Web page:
Should Toronto be worried about retention?

The conversation about ‘retention’ – whether referring to immigrants or those born in Canada – is virtually the first thing that comes up when trying to have a conversation about efforts to expand the number of people in the New Brunswick labour market.  Why do we need immigrants?  We should just keep people already here from moving.

The reality is that labour mobility is as Canadiana as Tim Horton’s and Don Cherry.  We have a country where it is relatively easy to be mobile.  Some economists have said that the migration of people within Canada is one of its strengths and, in fact, some economists have advocated for public policies to incentivize even higher rates of interprovincial mobility.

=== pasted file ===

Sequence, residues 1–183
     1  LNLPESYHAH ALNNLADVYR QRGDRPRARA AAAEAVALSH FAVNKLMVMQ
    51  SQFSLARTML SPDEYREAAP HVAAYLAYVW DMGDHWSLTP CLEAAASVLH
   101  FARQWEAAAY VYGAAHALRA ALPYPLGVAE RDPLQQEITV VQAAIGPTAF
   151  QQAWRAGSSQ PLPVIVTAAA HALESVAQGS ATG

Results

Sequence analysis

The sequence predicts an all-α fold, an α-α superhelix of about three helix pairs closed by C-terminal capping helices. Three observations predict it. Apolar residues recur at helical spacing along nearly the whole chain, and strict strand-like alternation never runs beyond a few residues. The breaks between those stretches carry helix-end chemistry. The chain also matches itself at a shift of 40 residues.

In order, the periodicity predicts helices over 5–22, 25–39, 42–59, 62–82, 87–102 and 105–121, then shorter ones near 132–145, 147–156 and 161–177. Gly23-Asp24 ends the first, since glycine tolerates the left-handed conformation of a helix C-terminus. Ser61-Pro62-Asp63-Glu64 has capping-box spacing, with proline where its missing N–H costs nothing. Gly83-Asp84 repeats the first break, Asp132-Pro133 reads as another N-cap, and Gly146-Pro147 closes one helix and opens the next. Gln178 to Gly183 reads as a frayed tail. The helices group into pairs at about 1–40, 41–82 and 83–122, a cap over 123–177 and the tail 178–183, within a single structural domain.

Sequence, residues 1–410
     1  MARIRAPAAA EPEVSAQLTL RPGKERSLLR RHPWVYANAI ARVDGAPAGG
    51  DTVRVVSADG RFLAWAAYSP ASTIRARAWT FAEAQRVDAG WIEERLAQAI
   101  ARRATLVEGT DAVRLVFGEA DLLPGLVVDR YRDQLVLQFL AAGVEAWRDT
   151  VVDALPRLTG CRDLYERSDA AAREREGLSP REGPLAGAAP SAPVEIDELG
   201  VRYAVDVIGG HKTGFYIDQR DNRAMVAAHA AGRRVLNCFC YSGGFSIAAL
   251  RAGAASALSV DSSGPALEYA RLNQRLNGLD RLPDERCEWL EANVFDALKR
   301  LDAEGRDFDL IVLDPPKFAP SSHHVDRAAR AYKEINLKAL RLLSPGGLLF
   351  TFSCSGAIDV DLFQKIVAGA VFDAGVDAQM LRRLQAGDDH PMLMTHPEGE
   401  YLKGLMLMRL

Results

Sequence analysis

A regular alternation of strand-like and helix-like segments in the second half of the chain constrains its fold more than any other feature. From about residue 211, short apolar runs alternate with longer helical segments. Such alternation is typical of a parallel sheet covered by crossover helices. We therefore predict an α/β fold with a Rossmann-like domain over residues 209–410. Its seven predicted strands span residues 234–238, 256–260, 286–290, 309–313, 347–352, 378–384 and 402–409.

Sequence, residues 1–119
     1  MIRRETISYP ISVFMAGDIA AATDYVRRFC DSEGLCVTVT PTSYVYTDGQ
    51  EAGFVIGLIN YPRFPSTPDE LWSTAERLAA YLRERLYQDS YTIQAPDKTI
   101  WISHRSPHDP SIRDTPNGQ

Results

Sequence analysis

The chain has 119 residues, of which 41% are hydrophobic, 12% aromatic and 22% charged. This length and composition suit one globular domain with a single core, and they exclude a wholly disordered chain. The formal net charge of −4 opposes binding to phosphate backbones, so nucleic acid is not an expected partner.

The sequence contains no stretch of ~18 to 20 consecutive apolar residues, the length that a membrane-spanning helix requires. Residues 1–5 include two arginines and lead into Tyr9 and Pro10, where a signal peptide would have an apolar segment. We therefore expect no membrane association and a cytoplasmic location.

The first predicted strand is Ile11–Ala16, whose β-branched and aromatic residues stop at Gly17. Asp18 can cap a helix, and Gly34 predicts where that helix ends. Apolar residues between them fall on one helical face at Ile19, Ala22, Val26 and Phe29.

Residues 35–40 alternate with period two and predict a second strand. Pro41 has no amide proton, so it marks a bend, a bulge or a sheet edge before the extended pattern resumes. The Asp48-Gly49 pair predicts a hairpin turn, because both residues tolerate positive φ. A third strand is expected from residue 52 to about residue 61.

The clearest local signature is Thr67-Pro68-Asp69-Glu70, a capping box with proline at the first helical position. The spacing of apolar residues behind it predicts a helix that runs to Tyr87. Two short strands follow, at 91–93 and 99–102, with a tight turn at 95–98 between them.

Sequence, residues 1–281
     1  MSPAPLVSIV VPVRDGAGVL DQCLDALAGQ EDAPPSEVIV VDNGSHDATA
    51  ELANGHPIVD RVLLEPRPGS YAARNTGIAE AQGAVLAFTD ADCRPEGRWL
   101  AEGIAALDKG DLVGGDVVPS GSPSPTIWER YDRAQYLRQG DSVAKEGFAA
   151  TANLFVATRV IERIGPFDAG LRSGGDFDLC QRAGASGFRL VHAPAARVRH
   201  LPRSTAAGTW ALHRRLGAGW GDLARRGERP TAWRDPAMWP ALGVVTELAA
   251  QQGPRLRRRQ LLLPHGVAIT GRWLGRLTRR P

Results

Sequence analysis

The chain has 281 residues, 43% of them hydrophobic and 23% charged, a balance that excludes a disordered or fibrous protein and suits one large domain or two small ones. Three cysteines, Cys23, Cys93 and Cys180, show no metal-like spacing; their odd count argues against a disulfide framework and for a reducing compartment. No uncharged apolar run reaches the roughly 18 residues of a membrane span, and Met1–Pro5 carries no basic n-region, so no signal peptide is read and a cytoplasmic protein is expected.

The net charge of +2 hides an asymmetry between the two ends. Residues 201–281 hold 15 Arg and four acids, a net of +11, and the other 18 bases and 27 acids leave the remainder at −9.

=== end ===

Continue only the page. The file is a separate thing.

Sparsely populated places like New Brunswick with small urban centres are even more susceptible to this issue.  Lots of young people want to see the world.  Lots do not want to work the jobs on offer in New Brunswick.

We need to stop wringing hands over this.  Look at the data for Toronto.  The orange bar shows the net intraprovincial migration numbers for the Toronto CMA (that is the city and all the surrounding municipalities such as Brampton, Vaughan and Mississauga).  Every year it is negative – more people move out than in (interprovincially) by the tens of thousands.  Is there widespread hand wringing in Toronto?  No.  Look at the immigration numbers.  For every one lost through intraprovincial migration they get three back from immigration.

That should be our focus too.  For every one out the door to migration, we need to bring in 2-3.

This doesn’t mean that retention doesn’t matter.  It matters a great deal and communities and governments should do a lot to encourage people to stay – but too much obsession with retention leads to fewer immigrants, fewer international students, and distorted incentives to stay in New Brunswick.

That is not the solution.

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